Your Father who sees . . .(Matthew 6:4)
Welcome to another season of Lent! Beginning today, we will be encouraged to take up the traditional practices of fasting, praying, and giving alms. Today, in fact, is set aside as a special day of fasting, along with a Mass where we will be marked with ashes and reminded that we are dust. We’ll wonder what we should “give up” for Lent, and we’ll hear readings at Mass calling us to repent and follow Jesus more closely. In other words, this can be an intense season as we prepare for Easter.
But there’s another side to Lent. It’s almost hidden in plain sight, tucked away three times in today’s Gospel reading: “Your Father who sees” (Matthew 6:4, 6, 18). It tells us that God is always looking on us in love, so we don’t have to work hard to get his attention. If anything, our Lenten observances are there to help us begin looking at him.
Open to the first page of Genesis, and you’ll find similar words. God saw his creation and announced it to be “very good” (Genesis 1:31). He was pleased, especially when he looked upon men and women—the crown of his creation.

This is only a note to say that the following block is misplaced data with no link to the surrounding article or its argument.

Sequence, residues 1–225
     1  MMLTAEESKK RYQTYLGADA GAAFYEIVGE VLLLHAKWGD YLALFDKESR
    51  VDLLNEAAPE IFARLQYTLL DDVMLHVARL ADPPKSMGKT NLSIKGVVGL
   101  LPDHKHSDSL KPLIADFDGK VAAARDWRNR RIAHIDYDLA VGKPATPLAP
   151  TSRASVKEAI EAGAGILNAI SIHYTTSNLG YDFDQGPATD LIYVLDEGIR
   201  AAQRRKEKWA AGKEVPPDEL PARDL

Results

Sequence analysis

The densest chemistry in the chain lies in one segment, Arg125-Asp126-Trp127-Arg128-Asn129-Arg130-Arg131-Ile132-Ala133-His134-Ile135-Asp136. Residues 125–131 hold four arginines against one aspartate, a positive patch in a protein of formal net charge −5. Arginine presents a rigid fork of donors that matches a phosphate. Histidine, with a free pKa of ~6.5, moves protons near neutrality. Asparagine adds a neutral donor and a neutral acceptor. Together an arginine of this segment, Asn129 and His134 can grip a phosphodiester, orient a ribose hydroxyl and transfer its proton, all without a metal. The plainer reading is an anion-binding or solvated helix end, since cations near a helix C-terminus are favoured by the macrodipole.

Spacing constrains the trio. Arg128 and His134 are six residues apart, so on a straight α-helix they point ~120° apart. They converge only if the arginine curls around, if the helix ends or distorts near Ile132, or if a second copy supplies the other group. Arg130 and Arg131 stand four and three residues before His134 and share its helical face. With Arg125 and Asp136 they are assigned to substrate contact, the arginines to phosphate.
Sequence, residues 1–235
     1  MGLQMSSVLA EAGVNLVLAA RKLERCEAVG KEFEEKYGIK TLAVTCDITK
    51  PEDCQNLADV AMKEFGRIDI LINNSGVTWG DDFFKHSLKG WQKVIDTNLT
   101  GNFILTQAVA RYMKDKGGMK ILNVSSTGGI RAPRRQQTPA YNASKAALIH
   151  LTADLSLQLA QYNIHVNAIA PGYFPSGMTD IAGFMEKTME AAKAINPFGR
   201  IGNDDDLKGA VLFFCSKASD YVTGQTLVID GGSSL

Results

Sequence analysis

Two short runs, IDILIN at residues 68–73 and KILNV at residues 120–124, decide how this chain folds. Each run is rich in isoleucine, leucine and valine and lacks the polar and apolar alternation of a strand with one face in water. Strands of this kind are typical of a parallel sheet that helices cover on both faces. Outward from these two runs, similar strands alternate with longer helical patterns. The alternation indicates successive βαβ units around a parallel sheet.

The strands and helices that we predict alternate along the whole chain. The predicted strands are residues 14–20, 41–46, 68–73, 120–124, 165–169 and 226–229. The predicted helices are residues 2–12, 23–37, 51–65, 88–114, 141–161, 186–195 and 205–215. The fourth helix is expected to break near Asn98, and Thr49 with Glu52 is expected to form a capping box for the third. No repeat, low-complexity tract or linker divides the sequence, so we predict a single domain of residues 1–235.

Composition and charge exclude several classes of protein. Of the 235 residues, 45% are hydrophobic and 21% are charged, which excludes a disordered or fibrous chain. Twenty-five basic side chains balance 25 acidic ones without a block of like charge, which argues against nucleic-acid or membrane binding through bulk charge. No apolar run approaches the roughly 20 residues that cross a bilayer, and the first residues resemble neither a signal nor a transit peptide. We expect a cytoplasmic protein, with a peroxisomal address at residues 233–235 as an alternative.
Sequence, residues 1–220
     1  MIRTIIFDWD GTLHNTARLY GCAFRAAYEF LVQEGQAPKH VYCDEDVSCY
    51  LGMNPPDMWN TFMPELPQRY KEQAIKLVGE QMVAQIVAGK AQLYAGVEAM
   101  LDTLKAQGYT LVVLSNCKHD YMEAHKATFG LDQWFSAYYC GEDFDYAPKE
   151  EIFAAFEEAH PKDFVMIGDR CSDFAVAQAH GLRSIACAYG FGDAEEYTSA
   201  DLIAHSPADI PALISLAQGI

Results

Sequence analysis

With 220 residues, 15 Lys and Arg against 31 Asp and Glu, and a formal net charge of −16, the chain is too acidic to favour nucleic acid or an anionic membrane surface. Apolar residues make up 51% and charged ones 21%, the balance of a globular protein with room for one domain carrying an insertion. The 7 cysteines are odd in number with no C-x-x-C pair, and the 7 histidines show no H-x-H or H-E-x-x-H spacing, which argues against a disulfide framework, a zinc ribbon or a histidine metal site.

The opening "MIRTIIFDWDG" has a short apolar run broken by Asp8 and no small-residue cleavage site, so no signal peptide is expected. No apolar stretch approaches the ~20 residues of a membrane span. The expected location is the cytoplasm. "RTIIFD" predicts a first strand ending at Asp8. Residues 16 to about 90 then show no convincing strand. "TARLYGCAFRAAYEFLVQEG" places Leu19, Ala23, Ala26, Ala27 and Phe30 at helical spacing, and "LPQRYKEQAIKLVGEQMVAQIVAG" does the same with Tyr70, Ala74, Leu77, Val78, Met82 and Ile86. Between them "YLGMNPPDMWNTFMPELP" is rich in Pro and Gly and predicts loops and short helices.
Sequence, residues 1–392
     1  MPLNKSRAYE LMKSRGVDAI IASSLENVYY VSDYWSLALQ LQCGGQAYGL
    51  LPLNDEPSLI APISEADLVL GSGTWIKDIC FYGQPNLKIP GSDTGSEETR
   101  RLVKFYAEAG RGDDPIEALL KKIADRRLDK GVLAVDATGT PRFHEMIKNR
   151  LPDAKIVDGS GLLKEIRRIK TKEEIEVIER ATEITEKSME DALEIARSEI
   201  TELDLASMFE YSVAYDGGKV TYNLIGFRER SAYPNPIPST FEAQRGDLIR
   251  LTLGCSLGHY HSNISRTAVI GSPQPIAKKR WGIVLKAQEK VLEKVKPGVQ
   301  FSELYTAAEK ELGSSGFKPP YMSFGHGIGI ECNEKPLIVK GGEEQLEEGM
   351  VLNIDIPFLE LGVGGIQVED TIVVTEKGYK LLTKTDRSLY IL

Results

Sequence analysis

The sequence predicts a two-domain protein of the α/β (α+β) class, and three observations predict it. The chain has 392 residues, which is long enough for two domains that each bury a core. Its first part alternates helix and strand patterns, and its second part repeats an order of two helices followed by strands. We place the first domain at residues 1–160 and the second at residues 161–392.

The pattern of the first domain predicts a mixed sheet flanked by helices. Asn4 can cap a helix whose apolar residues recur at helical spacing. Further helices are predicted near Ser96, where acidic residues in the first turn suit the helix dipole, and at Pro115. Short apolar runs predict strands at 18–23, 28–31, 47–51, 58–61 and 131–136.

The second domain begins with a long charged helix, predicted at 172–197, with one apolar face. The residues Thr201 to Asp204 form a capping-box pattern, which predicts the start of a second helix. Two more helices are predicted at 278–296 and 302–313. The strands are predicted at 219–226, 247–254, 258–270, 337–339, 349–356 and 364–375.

Even when sin darkened his masterpiece, God never stopped seeing us with his eyes of love. In fact, he intensified his gaze, giving us the Law, the prophets, and, ultimately, Jesus himself. Even on the cross, Jesus was seeing us, looking on us with mercy and forgiveness.
This is the good news of Lent: God sees you. He knows you. He is committed to you. He loves you. No amount of work on your part can increase his love for you. It’s already complete, perfect.
By all means, do fast and pray and give alms! Just remember that these practices aren’t meant to grab hold of God’s attention. They’re meant to help you fix your eyes on your Father, who sees. And your Father, who sees, promises to reward you.
“Thank you, Father, that you see me with love. Help me gaze at you this Lent.”
Psalm 51:3-6, 12-14, 17
2 Corinthians 5:20–6:2
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"It is like a mustard seed that, when it is sown in the ground, is the smallest of all the seeds on the earth. But once it is sown, it springs up and becomes the largest of plants and puts forth large branches, so that the birds of the sky can dwell in its shade." Mark 4: 31-32